The shine has come off Elon Musk’s Tesla of late, with a series of incidents involving both Musk himself and the car company.

At the start of this week the Tesla share price dropped by almost 5% after it emerged that the company was asking suppliers for refunds. Following this, the cost of insuring Tesla bonds against default grew to an all-time high, stoking fears around the company’s financials.

And back in June, Tesla reduced its workforce by 9% in a bid to cut costs, which also shook investor confidence. This builds on already shaky grounds, with employee issues, production delays and a cash-flow problem leading to a drop in investor confidence at the end of 2017.

Elon Musk’s own antics have also caused issues for the company. The billionaire hit the headlines last week after his offer of a mini submarine to the Thailand cave rescue effort went sour, with him referring to one of the British divers on the project as a “pedo guy” in a tweet. Musk later apologised and deleted the tweet, but the incident did result in Tesla shares falling by up to 3.5%.

Most recently, Musk called the boss of an author at Seeking Alpha who had been writing articles that were critical of Tesla. Musk threatened to sue if he continued. The writer, who blogs under the name Montana Skeptic, ultimately decided to stop writing and delete his Twitter account over the incident, although said in his final post that he does “not believe [Musk] has any valid legal claim”.

Elon Musk, Tesla and the wait for profitability

These incidents come at a time when Tesla is chasing profitability. The company, which has not yet turned a profit, is keen to achieve this relatively soon.

“Given that Tesla has never made an annual profit in the almost 15 years since we have existed, profit is obviously not what motivates us,” Musk told Tesla employees in a company-wide email back in June.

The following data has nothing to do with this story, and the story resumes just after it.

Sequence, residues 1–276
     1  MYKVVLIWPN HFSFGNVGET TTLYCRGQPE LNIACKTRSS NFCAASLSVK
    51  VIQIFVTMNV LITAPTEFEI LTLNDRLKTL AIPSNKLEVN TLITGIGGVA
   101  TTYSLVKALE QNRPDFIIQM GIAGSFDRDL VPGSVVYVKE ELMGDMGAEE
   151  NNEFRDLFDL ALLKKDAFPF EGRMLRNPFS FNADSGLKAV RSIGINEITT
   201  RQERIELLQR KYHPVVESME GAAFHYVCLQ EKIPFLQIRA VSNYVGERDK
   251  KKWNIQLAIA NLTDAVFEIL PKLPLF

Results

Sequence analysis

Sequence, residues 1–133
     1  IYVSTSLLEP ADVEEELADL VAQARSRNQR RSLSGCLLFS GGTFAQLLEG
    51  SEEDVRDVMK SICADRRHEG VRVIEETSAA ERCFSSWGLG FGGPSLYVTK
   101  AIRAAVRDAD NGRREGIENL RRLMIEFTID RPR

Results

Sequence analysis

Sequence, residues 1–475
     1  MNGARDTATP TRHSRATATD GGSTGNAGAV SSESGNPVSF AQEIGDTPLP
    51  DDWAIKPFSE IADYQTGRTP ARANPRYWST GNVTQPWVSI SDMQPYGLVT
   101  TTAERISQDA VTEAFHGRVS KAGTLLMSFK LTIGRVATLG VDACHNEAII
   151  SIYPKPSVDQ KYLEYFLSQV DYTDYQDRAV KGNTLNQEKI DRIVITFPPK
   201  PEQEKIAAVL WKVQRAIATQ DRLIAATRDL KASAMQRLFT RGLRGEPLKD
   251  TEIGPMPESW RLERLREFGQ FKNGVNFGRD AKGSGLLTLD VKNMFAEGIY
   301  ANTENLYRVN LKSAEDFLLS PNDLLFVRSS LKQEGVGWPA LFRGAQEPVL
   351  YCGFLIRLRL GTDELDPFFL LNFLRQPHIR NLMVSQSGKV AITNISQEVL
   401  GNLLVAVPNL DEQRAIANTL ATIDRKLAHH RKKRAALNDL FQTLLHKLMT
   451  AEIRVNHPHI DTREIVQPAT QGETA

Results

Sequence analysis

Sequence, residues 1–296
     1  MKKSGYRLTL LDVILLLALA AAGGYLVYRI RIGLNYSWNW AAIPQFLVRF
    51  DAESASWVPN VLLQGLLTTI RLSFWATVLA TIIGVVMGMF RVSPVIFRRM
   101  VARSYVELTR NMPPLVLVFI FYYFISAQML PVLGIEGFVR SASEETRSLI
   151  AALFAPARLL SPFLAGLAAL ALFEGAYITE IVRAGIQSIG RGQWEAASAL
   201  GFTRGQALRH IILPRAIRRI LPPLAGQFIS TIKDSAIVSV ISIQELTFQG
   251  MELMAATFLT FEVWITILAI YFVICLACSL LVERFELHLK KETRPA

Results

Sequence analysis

“What drives us is our mission to accelerate the world’s transition to sustainable, clean energy, but we will never achieve that mission unless we eventually demonstrate that we can be sustainably profitable. That is a valid and fair criticism of Tesla’s history to date.”

For some, this is a goal Tesla is set to achieve relatively soon.

“Based on what we’re seeing in the trajectory of production, we think they will be profitable on a non-gap basis later this year,” automotive analyst Jamie Albertine told CNBC.

Others, however, remain unconvinced. Goldman Sachs analyst David Tamberrino, for example, is one of several Wall Street analysts predicting the company will need to raise extra capital relatively soon.

“Between its current operations, anticipated new product spend, and incremental capacity additions, we see Tesla potentially requiring over $10bn in external capital raises and debt re-financing by 2020,” he said.

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“We believe this level of capital transactions may be funded through multiple avenues, including new bond issuance (secured and/or unsecured), convertible notes, and equity.”

The value in maintaining Tesla’s elite status